Despite initial impressions Onrush from Codemasters is not a racing game. Well, it kinda is. But it isn't. You 'race' cars around a track against opponents, but not to come first. Okay it is to come first, but not by being first across a finish line.
What we have in Onrush is not so much a racing game but something more along the lines of vehicular team deathmatch. But, not in a cool open map environment ala Carmageddon. In Onrush, you're racing around a 'track' alongside teammates and enemy vehicles, accruing points by beating the other team in four nominally different modes that, in the end, boils down to forcing them to crash. This can be accomplished by ramming your opponents into obstacles or walls, jumping then landing on top of them, hitting them hard enough to explode, and so on.
I had some trouble coming to terms with the fact that Onrush isn't a racing game. You're certainly encouraged to race flatout around the course, but once you're out in first place you realise there are no enemy vehicles for you to mess with, therefore no points to be earned. Of course there's the Fodder constantly spawning in around you to destroy - to keep your Boost gauge full - but if you want to win, dropping back and letting some enemies come close is the only way to go. It runs counter to every racing instinct I possess but after I realised this (and it took a while) I was consistently able to not only win but place MVP for the round.
For a car-combat-fast-racing-thing Onrush is extremely polished and runs smoothly even when the screen becomes home to a number of explosions, bright lights, and vehicles flipping all over the place - so much so that you can barely see the road ahead. Which in its sheer spectacle distracts from the fact there's no visible vehicle damage, no collision deformation, scratched paint or dangling body parts. This might be due to the extreme fragility of the vehicles themselves, where a brief hit or scrape with another vehicle will render your ride vulnerable, and a solid hit will wreck it completely.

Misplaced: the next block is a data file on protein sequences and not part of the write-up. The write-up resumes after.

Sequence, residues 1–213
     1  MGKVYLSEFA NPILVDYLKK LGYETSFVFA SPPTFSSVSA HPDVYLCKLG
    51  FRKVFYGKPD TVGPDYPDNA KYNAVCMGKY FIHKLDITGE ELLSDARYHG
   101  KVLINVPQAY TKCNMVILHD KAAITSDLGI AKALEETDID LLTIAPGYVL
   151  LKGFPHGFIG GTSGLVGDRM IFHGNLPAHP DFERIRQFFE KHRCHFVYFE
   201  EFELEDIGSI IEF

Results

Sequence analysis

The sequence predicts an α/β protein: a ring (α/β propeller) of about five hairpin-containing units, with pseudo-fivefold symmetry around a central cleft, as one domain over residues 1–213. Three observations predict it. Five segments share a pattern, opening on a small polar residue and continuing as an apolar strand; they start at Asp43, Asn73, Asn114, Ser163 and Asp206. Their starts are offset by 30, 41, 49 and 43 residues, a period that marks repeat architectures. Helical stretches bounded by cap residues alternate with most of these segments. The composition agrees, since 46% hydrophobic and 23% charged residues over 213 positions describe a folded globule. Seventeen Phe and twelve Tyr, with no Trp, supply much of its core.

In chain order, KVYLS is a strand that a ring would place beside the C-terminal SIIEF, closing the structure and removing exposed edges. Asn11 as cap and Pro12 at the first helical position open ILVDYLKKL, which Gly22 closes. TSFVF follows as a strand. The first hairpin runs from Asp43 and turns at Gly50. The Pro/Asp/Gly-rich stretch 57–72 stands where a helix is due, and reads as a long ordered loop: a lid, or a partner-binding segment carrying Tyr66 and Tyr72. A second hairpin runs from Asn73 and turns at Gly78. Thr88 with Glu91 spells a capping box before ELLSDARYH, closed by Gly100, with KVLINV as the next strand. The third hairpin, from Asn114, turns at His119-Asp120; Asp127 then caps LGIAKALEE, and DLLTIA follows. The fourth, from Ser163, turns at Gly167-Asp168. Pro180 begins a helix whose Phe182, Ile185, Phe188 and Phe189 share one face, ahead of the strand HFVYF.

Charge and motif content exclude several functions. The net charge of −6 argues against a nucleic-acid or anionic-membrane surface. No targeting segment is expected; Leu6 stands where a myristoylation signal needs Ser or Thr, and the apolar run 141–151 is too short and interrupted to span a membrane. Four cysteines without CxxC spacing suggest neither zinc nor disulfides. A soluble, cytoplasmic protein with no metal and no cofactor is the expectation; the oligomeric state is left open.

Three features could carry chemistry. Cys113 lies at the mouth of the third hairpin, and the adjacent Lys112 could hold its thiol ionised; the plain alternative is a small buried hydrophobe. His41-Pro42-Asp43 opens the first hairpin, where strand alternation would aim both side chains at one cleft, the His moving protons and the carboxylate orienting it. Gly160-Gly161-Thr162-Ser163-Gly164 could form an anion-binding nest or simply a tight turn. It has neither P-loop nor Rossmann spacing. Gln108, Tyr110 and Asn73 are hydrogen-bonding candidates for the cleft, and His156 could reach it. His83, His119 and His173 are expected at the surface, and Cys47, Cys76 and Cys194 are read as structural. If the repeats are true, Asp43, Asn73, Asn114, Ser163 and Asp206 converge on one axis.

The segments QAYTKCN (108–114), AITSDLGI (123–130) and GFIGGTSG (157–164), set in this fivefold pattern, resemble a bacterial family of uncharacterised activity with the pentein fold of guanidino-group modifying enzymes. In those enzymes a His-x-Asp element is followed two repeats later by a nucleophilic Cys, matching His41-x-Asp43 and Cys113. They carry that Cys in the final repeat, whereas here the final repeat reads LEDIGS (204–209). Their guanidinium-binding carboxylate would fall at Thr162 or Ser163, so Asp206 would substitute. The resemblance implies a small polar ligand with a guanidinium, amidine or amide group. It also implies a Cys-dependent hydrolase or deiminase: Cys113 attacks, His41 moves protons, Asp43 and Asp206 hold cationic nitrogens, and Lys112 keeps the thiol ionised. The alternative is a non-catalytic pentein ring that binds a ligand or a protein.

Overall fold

There's some strategy in the choice amongst the eight vehicles - two of them bikes - that can allow for some interesting gameplay. Each vehicle not only earns Boost in differing ways, such as racing near opponents or performing mid-air stunts, but also offers buffs to teammates and debuffs to enemies when Rush mode is activated. Thanks to rather simplistic physics, vehicle control is incredibly basic. You combine acceleration with Boost, then activate Rush mode when you've spent enough Boost. That's it. There are brakes, but as with many other pure arcade racers it’s better to just release Boost when negotiating corners. There's also a handbrake, but that will get about as much use as the regular brake.
In the end the real problem is that although Onrush is a solidly built game, it’s also light on actual gameplay. If the descriptions so far point to this working better as a simple pick-up-and-play online title than a more traditional single-player racer - then that definitely rings true too. But even on that front the choice of game modes is severely limited and lacks variety and imagination. Why not include a Destruction Derby style arena bowl? Where's the open world sandbox where you can play King of the Hill, Capture the Flag, or simply free roam about seeking and destroying enemies? The same lack of diversity can be applied to the vehicles as well, but it's more understandable when considering the balances required by the multiplayer side of things.
When set against other titles offering vehicular combat such as Carmageddon, Interstate '76, or even Twisted Metal, Onrush pales in variety, longevity, and simple car crushing fun.